This study is based upon the New City Catechism.


For by a single offering he has perfected for all time those who are being sanctified. (Hebrews 10:14)


The Christian life is a meeting place of two distinct realities. It is Martin Luther’s formula, simul justus et peccator, which is Latin for, “Simultaneously righteous and fallible.” The Christian is one who is at the same time righteous and unrighteous, just and sinner. He is righteous by divine declaration, and sinner by the sin which remains in him. He is righteous by legality and unrighteous by nature. He is just in the courtroom and unjust in the street.

This dual reality is reflected in Hebrews 10:14, speaking of Christ: “For by a single offering he has perfected for all time those who are being sanctified.” His crucifixion was a single offering, for He died to never die again. Bulls and goats had to be sacrificed every year, for they could not cleanse the worshipers (vv.2-4). Christ’s death was effectual (1 John 2:1-2) unto the end that certain people be perfected for all time (Hebrews 10:14). Their perfection was accomplished in the atoning death of Christ.

Who are we talking about, though? Who are these people who are perfected for all time by Christ’s single offeringThose who are being sanctified. The word “sanctified” means, “to be made holy.” The perfecting mentioned earlier in the verse is said to have been accomplished in Christ’s death, but this “being made holy” is said to be a process: they are being sanctified (emphasis mine). This is a reference only applicable to the people of God. “You shall be holy, for I the Lord your God am holy” (Leviticus 19:2). “And now I commend you to God and to the word of his grace, which is able to build you up and to give you the inheritance among all those who are sanctified” (Acts 20:32). “Even as he chose us in him before the foundation of the world, that we should be holy and blameless before him” (Ephesians 1:4). “For God has not called us for impurity, but in holiness” (1 Thessalonians 4:7).

So, those who are being made holy have been perfected. Those who are within the process of sanctification have had the work of justification accomplished for them in Christ’s death.[1] Justification comes first, when we are declared righteous before God. Sanctification immediately follows, when we are gradually conformed to God’s righteousness in the way we live our lives. Justification is Christ’s righteousness accounted to us in a legal declaration. Sanctification is the growing of our own righteousness, progressively while we live on earth. Justification is a completed, finished work. Sanctification will not be complete until our glorification. In other words, we are simultaneously righteous and fallible.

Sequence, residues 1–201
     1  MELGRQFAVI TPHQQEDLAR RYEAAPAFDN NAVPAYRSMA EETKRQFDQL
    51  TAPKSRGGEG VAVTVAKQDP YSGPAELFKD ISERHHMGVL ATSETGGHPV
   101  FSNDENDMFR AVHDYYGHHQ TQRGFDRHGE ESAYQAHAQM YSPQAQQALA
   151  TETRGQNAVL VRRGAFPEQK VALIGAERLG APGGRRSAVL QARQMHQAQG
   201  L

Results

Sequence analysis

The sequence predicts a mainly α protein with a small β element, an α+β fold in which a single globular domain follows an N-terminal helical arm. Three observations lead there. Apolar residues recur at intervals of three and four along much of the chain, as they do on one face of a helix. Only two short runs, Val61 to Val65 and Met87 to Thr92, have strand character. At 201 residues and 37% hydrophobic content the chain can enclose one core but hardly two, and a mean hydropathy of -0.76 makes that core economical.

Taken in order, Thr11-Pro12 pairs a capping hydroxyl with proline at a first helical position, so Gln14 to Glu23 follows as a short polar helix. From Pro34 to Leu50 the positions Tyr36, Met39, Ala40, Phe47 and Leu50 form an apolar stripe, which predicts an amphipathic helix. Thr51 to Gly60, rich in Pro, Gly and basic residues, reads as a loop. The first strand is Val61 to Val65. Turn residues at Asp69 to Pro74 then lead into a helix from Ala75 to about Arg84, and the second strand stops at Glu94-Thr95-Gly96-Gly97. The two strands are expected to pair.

Much confusion has persisted among believers regarding the nature of justification and sanctification, much to do with the Roman Catholic doctrine of infused righteousness, in opposition to imputed righteousness. Rome teaches that justification is God’s act of infusing Christ’s righteousness into His people, as one may infuse two metals by welding. Our works inevitably become part of our justification, which is why mortal sins may remove us from a justified state.

Contrary to this, the Protestant Reformation clarified that God does not infuse, but imputes Christ’s righteousness to His people. Paul asked for Onesimus’ wrongs and debts to be imputed to him: “If he has wronged you at all, or owes you anything, charge that to my account” (Philemon 18), so that Philemon would receive Onesimus as he would receive Paul (v.17). Paul elsewhere argued that Abraham was justified by faith while he was still uncircumcised (Romans 4:11), for Christ’s righteousness was imputed to him when he believed God, and it was counted (i.e. imputed) to him as righteousness (v.3).

Question: What do justification and sanctification mean?
Answer: Justification means our declared righteousness before God. Sanctification means our gradual, growing righteousness.

[1] By “accomplished,” we do not mean saving faith and the subsequent declaration of righteousness, which is the fullness of justification, for those who have yet begun the process of sanctification. We mean “accomplished” in the sense that Hebrews 10:14 gives it, that those who are being sanctified have already come to Christ in saving faith, and therefore have already been justified, and therefore may look upon the death of Christ as the secure deposit of all such benefits.

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